As equity markets hit new highs and home prices continue their ascent, there is a renewed sense of optimism across America. This is no doubt positive for asset owners. But what really counts—real median wages—have only risen 9% since 1979. Compare that to the 91% rise in real wages in the 25-years after the end of WWII.
So, what gives?
The weak wage growth can be traced to multiple trends that have been in motion since the 1970s. From 1948 until the early 1970s, wages rose in tandem with productivity. However, since 1973, productivity has grown 72% while wages are up a measly 9%.
What’s behind the stalled wage growth?
There has been an ever-wider gap in income inequality. The top 5% of earners saw their wages swell by 60% since 1973. The top 1% reaped a 138% increase. Today, Fortune 400 CEO’s earn 296-times the average American wage—up from 24-times in 1973.
Globalization has dragged down wage growth. Millions of manufacturing jobs were lost to Asia, and the backbone industries that built the American economy were gutted. The loss of these blue-collar jobs forced many workers into lower-paying jobs, thus suppressing wages.
The ballooning cost of employee benefits has also weighed on growth. The Bureau of Labor Statistics found that employee benefit costs have increased by 60% since 2001.
The key question is whether this trend can be reversed.
A Catch-22 Situation
The harsh truth for the average American is that globalization and income inequality are not easily turned around.
There has been a backlash against globalization across the West in the past few years. The catch is that the cheap imports Americans have enjoyed because of it has partly offset the pain of anemic wage growth.
As we’ve discussed before, if the US takes a protectionist path, it would shrink trade and push up the costs of imports. Corporate profits just emerged from six straight quarters of negative growth, so I doubt firms can afford rising costs.
As protectionist measures—like tariffs—would negatively impact economic activity and shrink corporate bottom-lines, such moves are likely to hinder, not help, wage growth.
Income inequality is also a tough fix. A major reason the income of top earners has outpaced that of the average American is the Federal Reserve’s loose monetary policy. Thirty-five years of falling interest rates and multiple bouts of asset purchases have inflated asset prices. It has done little to increase real wages.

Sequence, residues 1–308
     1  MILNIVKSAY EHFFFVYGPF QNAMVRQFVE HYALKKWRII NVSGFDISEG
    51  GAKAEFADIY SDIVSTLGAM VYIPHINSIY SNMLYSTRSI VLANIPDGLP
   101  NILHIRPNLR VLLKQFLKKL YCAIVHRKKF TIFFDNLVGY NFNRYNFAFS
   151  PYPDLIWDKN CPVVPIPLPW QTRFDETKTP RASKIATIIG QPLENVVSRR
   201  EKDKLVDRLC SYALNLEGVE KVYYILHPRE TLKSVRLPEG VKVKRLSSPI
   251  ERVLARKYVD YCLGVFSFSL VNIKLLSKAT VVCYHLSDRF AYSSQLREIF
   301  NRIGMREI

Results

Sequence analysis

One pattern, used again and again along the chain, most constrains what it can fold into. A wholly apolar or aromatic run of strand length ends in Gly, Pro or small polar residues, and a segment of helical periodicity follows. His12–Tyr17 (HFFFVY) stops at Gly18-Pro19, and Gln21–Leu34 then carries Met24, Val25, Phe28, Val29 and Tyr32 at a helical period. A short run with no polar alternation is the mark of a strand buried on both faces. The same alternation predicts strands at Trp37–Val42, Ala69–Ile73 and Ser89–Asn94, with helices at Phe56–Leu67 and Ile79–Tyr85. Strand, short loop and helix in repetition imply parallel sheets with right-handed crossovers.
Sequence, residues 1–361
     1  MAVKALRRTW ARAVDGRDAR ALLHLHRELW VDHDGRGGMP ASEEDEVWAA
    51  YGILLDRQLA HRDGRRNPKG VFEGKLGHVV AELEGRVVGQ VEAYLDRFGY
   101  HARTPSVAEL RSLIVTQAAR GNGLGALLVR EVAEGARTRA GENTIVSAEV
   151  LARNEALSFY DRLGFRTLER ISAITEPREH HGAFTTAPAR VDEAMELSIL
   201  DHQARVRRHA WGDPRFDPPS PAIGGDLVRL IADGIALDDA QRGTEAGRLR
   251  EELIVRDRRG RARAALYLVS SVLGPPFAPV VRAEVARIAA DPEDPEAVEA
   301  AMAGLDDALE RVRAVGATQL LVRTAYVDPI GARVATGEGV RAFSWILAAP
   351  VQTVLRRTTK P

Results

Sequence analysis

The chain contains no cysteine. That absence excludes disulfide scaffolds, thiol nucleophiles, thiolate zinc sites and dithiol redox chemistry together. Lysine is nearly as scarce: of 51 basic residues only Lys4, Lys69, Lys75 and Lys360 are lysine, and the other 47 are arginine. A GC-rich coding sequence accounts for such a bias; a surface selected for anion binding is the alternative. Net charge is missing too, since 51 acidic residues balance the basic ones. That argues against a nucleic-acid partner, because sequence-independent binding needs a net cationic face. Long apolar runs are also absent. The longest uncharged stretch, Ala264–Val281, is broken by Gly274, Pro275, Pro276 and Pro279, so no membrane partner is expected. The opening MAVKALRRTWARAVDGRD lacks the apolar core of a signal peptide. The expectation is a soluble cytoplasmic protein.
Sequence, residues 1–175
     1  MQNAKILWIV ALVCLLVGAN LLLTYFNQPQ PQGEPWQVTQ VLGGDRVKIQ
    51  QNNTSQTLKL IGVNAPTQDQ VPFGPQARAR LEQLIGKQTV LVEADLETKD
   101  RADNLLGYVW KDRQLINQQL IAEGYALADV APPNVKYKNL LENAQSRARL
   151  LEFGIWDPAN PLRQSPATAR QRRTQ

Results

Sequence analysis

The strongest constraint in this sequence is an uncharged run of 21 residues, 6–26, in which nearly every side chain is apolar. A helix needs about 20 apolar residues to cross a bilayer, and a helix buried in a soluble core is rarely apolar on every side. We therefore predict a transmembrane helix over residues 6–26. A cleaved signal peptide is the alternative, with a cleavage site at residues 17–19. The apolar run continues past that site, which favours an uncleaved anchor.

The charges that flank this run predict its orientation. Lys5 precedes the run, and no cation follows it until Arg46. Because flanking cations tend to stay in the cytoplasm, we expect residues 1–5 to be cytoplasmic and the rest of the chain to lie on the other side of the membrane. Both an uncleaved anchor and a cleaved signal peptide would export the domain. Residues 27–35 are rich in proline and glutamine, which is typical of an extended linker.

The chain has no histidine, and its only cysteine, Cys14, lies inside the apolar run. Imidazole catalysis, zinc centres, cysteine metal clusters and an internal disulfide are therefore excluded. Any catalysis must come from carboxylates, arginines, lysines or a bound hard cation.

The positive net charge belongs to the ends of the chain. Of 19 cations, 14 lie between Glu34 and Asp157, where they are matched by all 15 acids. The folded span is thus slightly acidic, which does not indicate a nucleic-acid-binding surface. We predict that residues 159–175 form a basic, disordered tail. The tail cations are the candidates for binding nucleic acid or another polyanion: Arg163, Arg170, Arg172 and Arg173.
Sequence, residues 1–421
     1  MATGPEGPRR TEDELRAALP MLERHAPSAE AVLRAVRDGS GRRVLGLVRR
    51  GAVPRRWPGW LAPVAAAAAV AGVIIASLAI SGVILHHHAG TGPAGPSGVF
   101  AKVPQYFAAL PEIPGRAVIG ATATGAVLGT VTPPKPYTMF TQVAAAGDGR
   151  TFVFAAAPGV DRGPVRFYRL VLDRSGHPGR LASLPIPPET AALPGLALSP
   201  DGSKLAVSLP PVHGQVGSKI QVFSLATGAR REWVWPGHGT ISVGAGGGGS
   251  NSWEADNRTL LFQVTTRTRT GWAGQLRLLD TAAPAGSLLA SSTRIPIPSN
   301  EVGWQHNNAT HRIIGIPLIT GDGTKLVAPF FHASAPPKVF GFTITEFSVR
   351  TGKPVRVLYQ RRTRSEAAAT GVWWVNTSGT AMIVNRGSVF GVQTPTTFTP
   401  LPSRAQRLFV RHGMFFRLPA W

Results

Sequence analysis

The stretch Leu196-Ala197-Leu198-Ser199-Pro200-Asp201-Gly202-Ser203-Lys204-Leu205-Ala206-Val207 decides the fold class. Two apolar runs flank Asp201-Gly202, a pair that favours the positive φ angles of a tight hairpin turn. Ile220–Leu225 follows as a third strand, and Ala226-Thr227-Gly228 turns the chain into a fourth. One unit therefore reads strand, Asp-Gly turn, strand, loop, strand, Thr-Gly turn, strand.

Trump’s pro-growth policies—coupled with rising interest rates—are positive for wages, but they have problems, too. The total federal debt is fast headed to $20 trillion. It is very unlikely interest rates could be raised to historic norms. The US simply can’t afford the higher interest costs.
A solution to these problems will require serious policy changes. The final solutions may lie at the national level, but the changes would not be politically popular. No matter, there are steps you can take to ease the struggle against stagnant wages.
Make the Trend Your Friend
We can see what’s behind the divergence in wage growth by looking at the income breakdown for America’s top earners.
For those who earn under $100,000 per year, the split between income from salaries/wages and capital gains is roughly 75%/0%. For those in the $500,000 to $1 million range, it’s about 53%/12%. In the over $5 million bracket, it’s around 17%/46%. Stagnant wages have caused wealthier individuals to become less reliant on wages or salaries. Instead, they earn an increasing portion of their income by putting their capital to work.
With wage stagnation likely to continue, 2017 could be a good time to enter the markets. Given the Fed’s projection for three rate hikes this year, coupled with an increase in economic growth, there looks set to be an influx into US stocks.
On the back of the Fed’s new stance on rates, the rate on the 10-year Treasury is up 85% from its July 2016 lows. The spread between the US 10-year and its German counterpart is now at multi-decade highs. Given the setup, we are likely to see foreign capital flood into US assets. We have already seen signs of this with the US Dollar Index up 8.5% since September.
With little in the way of investment competition, US bonds look relatively attractive, but equities will be the best place to earn returns. The US equity markets are a big hunting ground. The trick is to know which sectors will benefit most given the current setup.
Let’s double-back and look at the income breakdown of America’s top earners.
For those with incomes above $5 million, around 15% of it (in 2012) came from dividends and interest. Given that bond yields are still near historic lows, and foreign capital is likely to flow into the “waterfront,” it may be time to focus on large-cap dividend stocks.
Another sector investors should look into to is Peer-to-Peer (P2P) Lending. The P2P sector has grown rapidly in recent years and is an excellent new source of fixed income. In 2016, P2P investors earned net annualized returns north of 7%. Even those who took the most conservative approach saw returns of 5%. That’s more than double the average S&P 500 yield.
In today’s low-yield climate, institutional investors are also getting onboard. Although the industry started out as peer-to-peer, the likes of Goldman Sachs (GS) and Morgan Stanley (MS) now fund around two-thirds of P2P loans. If you want to learn how to get started in P2P investing, you can download our free report, Welcome to the Bank of You.
In an era of stagnant wage growth, investment returns are one of the best ways you can boost your income. That means looking at ways to earn dividends while we wait for the capital gains.
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(See the original article here.)